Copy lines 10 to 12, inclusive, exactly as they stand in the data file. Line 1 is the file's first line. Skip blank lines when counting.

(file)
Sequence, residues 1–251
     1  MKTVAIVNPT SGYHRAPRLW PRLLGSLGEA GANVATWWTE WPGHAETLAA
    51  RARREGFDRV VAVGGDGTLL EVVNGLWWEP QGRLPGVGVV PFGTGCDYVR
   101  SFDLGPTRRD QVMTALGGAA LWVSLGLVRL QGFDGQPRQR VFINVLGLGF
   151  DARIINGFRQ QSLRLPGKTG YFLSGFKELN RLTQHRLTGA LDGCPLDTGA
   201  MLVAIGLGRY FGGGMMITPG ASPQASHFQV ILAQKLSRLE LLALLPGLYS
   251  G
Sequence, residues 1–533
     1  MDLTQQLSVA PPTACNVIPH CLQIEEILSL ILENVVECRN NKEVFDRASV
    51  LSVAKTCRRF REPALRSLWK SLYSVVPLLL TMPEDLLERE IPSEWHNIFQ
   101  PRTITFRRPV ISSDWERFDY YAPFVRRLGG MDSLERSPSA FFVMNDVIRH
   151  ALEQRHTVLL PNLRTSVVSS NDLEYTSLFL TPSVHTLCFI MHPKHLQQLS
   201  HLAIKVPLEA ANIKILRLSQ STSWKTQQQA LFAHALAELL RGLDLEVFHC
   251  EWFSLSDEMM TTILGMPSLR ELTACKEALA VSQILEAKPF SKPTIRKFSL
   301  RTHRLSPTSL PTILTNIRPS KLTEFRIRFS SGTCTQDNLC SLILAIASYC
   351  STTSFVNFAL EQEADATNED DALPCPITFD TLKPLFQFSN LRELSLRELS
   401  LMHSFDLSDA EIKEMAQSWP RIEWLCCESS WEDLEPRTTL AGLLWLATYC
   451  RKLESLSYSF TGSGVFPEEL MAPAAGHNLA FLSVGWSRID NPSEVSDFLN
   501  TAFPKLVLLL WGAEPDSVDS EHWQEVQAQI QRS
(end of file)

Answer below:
    51  LSVAKTCRRF REPALRSLWK SLYSVVPLLL TMPEDLLERE IPSEWHNIFQ
   101  PRTITFRRPV ISSDWERFDY YAPFVRRLGG MDSLERSPSA FFVMNDVIRH
   151  ALEQRHTVLL PNLRTSVVSS NDLEYTSLFL TPSVHTLCFI MHPKHLQQLS